Bowers & Wilkins announced its first new products of 2020 during an online press event last week: Signature versions of its model 702 floor-standing and model 705 stand-mount loudspeakers. B&W says it has incorporated components and design ideas originally developed for its higher-end speakers to improve the acoustic performance of the 700 series, and that no two pair will share the same grain pattern on their wood-veneer cabinets.
According to B&W, the speakers blend a new crossover design with ideas and technologies first conceived and developed for its 800 Diamond Series product line, including a solid-body tweeter-on-top design, Continuum mid-range drivers, and Aerofoil Profile bass drivers.
The performance of the new Carbon Dome tweeter promises to fit between the diamond tweeter built into the 800 Diamond Series and the aluminum tweeter that came with the original 700 series back in 2017. It’s a 30-micron aluminum dome coated with carbon to make it stiffer and then joined to a 300-micron carbon ring. The phrase “solid body” describes the tweeter’s enclosure, which is milled from a solid block of aluminum and weighs more than two pounds. The tweeter body’s mass allows it to also function as a heatsink for the dome.
The Continuum fiber used in the fabrication of the mid-range drivers, which are manufactured in the UK, replaces the aramid (aka Kevlar) material previously used. The company says its Continuum fiber results in a driver with less unwanted resonance and superior transparency. The Aerofoil woofers, which are included only in the floor-standing 702 Signature, are fabricated from inner and outer paper skins sandwiching a fiber skin for added stiffness.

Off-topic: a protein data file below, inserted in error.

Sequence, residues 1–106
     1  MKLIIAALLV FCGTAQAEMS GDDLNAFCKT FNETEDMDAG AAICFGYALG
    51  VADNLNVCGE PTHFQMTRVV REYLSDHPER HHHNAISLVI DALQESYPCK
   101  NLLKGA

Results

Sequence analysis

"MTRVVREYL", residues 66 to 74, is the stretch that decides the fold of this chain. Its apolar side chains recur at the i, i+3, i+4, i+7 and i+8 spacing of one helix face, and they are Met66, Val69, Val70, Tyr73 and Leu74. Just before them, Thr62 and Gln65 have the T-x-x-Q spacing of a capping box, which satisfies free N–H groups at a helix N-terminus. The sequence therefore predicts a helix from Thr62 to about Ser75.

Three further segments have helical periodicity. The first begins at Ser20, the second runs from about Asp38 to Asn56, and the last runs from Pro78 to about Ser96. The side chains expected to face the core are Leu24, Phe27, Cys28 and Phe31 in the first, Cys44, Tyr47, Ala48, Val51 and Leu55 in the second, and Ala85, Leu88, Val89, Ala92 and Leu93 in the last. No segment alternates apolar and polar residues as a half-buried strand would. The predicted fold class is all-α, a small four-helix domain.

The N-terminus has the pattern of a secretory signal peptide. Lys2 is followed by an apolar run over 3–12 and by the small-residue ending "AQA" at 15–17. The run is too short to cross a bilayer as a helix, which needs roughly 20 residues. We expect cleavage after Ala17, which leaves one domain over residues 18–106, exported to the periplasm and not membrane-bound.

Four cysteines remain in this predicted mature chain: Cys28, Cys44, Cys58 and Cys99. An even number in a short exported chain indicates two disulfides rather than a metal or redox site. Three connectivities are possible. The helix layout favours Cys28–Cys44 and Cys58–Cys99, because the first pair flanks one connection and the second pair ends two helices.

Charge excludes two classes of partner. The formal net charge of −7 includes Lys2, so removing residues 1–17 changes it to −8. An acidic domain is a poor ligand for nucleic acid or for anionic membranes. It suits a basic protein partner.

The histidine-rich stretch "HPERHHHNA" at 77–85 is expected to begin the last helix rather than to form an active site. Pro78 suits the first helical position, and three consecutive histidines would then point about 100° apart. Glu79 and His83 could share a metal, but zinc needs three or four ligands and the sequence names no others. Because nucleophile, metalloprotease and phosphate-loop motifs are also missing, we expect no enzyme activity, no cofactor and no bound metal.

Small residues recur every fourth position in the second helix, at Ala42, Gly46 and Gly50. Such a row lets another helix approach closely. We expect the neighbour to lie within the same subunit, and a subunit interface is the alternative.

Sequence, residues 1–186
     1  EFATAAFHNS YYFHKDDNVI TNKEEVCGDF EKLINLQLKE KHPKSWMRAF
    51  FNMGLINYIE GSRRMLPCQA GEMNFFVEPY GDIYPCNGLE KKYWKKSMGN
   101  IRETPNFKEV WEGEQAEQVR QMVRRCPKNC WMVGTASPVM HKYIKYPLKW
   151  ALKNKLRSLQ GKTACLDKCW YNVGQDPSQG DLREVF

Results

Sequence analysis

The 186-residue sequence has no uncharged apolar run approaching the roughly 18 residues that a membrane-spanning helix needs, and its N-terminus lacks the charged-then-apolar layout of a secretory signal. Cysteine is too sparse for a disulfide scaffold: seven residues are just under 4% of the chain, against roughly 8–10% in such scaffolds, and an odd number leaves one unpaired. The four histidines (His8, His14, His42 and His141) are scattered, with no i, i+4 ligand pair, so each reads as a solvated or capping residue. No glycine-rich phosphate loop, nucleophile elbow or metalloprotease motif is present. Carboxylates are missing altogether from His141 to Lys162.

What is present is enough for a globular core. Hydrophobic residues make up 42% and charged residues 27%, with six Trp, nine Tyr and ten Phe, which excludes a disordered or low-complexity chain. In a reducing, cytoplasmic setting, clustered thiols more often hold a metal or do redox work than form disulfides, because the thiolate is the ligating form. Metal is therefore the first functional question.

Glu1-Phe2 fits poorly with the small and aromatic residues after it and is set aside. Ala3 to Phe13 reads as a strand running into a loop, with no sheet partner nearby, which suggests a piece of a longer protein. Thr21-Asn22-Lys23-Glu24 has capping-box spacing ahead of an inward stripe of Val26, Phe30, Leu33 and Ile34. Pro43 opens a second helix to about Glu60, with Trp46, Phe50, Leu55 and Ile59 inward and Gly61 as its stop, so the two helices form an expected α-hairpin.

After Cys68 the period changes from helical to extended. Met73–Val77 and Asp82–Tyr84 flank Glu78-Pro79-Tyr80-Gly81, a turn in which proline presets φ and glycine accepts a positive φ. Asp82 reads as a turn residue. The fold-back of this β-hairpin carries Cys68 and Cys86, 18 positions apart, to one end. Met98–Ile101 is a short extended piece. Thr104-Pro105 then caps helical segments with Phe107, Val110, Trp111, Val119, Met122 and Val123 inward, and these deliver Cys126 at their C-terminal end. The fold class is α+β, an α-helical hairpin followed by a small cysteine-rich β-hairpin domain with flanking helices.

The Bowers & Wilkins 705 stand-mount speakers are a two-way design outfitted with 25mm carbon dome tweeters and 165mm mid/bass cones in a vented enclosure. They will be priced at $4,000 a pair when they ship in July. The B&W 702 floorstanders are a three-way design with the same 25mm tweeters, a 150mm mid-range, and three 165mm Aerofoil Profile bass drivers in a vented enclosure. These will be priced at $6,500 a pair and will also be available in July.
The cabinets for both 700-series Signature speakers are wrapped in an ebony-colored wood veneer sourced from Alpi, an Italian wood company that follows sustainable harvesting practices. B&W applies nine coats of finish to the cabinets, including primer, a base coat, and lacquer. Bright metal trim rings surround the mid/bass (on the 702) and mid-range cones (on the 705) to provide a visual accent, and the tweeters get silver-finished grills. A Signature identity plate is fastened to the back of each speaker.
B&W has been on a bit of a roller-coaster ride the past few years, merging with the Silicon Valley home-automation company Eva Automation in 2016 to help bring its Formation Wireless Music System to market in 2019. Earlier this year, the company told the British high-end audio publication What Hi-Fi? that it was restructuring and forming a board of directors independent of Eva Automation. And earlier this month, Sound United LLC—which owns Denon, Marantz, Polk Audio, and several other high-profile home audio brands—announced its intention to acquire the company.
Curiously, however, Sound United’s press release included no quotes from B&W executives, who said during the press conference only that the Sound United acquisition talks were at an early stage. We’ll report more details on that front as we get them.
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Michael is TechHive's lead editor, with 30+ years of experience covering the tech industry, focusing on the smart home, home audio, and home theater. He built his own smart home in 2007 and used it as a real-world test lab for product reviews. Following a relocation to the Pacific Northwest, he is now converting his new home, an 1890 Victorian bungalow, into a modern smart home.